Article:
I am trying to find the value of x from this equation f(x)= 1/75 *e^ -(x/75)

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X is a function, therefore it has infinite solutions. you need the function to equal a number to solve for a specific x value

ex: f(x)= 1/75*e^(-x/75)

20= 1/75*e^(-x/75), then under catolog choose solve.

solve((1/75)*e^(-x/75)=20,x) the x is what you are solving for at the end.

long hand would be multiply by 75 to get rid of 1/75..so now you have

1500=e^(-x/75)

now Ln gets rid of e so Ln(1500) = -x/75, so x = -75*ln(1500)

hope this all helps

Posted on Apr 27, 2010

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Posted on Jan 02, 2017

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If you have the equation of the line (of best fit), enter a value of x in the equation to get the value of y. Similarly, if you have a target value of y, enter it in the equation and solve for the value of x. That's about it.

Jun 06, 2014 | Casio FX-9750GII Graphing Calculator

In equation mode, you have system of linear equations (3 unknown) you have polynomial (quadratic and cubic), and solver. Use the solver foe any type of equation (nonlinear, polynomial of order higher than 4, trigonometric, exponential, logs).

May 21, 2012 | Casio Scientific Calculator Fx-570 Fx570...

Thhe Casio FX-9860G SD can solve a polynomial equation
of degree 2 or 3 with REAL coefficients. If the complex MODE is set to
REAL it will find the real roots. If the complex mode is set to** a+ib**, it will find the real and complex roots.

Apparently it will take coefficients that are real, and will give a Ma Error if any coefficient is complex.

Addendum.

The calculator CANNOT solve equations with complex coefficient. YOU can however convert the system of linear equations with ccomplex coefficients ( of the type you show) as a system of 4 linear equations in 4 unknowns; Split x into a real and an imaginary part, split y into a real and an imaginary part. Substitute Real(x)+iIm(x) for variable x in the equations; substitute Real(y)+iIm(y) for y in the two equations; do the algebra. In each of the original equations split the Real and imaginary parts. You should be able to derive 4 linear equations in unknowns Real(x), Im(x), Real(y), and Im(y).

Use the linear equation solver to obtain the solutions. Recompose x=Real(x)+iIm(x), and y=Real(y)+iIm(y)

Alternatively, after you create the system of 4 linear equations you can use the matrix utility to find Real(x), Im(x), Real(y) and Im(y) and recompose the x and y.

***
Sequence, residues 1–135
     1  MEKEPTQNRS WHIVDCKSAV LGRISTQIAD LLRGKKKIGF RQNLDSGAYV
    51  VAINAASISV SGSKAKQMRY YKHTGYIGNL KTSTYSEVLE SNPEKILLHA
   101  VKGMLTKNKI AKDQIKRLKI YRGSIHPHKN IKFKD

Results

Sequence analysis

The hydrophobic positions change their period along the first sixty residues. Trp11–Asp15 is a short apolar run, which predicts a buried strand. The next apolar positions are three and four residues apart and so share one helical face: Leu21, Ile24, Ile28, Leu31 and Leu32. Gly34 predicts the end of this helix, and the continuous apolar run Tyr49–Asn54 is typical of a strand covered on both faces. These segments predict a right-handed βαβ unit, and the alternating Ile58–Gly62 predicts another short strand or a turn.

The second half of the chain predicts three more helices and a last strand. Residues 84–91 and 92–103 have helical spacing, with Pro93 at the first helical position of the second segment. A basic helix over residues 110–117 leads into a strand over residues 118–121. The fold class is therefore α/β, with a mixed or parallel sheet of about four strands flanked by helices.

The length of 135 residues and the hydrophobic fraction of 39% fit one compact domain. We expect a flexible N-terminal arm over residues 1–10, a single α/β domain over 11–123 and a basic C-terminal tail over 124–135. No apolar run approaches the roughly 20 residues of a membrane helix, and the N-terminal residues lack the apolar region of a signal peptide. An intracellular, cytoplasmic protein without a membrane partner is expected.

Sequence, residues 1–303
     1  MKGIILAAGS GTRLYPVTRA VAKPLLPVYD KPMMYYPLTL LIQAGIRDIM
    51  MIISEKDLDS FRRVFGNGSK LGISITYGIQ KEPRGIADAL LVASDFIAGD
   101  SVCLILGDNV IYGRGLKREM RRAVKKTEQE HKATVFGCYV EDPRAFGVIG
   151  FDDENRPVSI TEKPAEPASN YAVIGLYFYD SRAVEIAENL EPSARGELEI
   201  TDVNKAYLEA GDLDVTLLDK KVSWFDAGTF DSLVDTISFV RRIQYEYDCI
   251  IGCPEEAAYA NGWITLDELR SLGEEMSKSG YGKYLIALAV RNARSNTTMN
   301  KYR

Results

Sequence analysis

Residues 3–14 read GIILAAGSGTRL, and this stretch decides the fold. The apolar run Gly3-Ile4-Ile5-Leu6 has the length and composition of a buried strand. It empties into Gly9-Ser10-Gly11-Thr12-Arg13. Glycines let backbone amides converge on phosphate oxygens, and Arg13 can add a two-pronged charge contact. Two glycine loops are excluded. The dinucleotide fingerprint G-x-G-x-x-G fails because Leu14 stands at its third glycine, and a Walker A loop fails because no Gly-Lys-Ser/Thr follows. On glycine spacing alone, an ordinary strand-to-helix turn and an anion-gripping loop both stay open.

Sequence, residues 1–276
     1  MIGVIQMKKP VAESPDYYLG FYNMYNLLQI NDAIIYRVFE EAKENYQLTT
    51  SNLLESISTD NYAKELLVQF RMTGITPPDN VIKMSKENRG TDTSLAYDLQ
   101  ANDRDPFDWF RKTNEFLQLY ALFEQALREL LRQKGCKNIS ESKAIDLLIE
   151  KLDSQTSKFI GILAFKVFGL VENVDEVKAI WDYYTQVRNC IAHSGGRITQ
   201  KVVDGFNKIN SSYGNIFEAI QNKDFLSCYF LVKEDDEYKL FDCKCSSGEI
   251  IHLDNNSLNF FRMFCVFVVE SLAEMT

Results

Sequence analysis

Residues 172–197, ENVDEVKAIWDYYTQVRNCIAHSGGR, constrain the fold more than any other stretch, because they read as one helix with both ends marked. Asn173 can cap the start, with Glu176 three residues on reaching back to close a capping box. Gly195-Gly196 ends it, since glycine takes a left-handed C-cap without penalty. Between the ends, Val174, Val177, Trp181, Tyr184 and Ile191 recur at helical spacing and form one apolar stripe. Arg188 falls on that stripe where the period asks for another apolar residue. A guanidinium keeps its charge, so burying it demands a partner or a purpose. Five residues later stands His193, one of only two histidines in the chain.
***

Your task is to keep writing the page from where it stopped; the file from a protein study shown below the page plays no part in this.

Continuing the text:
Apparently it will take coefficients that are real, and will give a Ma Error if any coefficient is complex.

Addendum.

The calculator CANNOT solve equations with complex coefficient. YOU can however convert the system of linear equations with ccomplex coefficients ( of the type you show) as a system of 4 linear equations in 4 unknowns; Split x into a real and an imaginary part, split y into a real and an imaginary part. Substitute Real(x)+iIm(x) for variable x in the equations; substitute Real(y)+iIm(y) for y in the two equations; do the algebra. In each of the original equations split the Real and imaginary parts. You should be able to derive 4 linear equations in unknowns Real(x), Im(x), Real(y), and Im(y).

Use the linear equation solver to obtain the solutions. Recompose x=Real(x)+iIm(x), and y=Real(y)+iIm(y)

Alternatively, after you create the system of 4 linear equations you can use the matrix utility to find Real(x), Im(x), Real(y) and Im(y) and recompose the x and y.

Mar 17, 2012 | Casio FX-9860G Graphic Calculator

To find the solution, first find the value of y for each equation.

Then substitue one equation into the other so that you only the x variable left.

Then just solve for x.

Once you have a value for x, then you can easily solve for y.

So for the first equation:

3y - 6x = -3

3y = 6x - 3

**y = 2x - 1**

Now for the second equation:

2y + 8x = 10

2y = -8x + 10

**y = -4x + 5**

Since both equations equal y, they also equal each other, therefore:

2x - 1 = -4x + 5

Now just solve for x:

2x + 4x = 5 + 1

6x = 6

**x=1**

Now substitute x=1 into either original equation:

y = 2x - 1

y = 2 (1) - 1

y = 2 - 1

**y = 1**

Therefore the solution is x=1 and y=1

Good luck, I hope that helps.

Joe.

Then substitue one equation into the other so that you only the x variable left.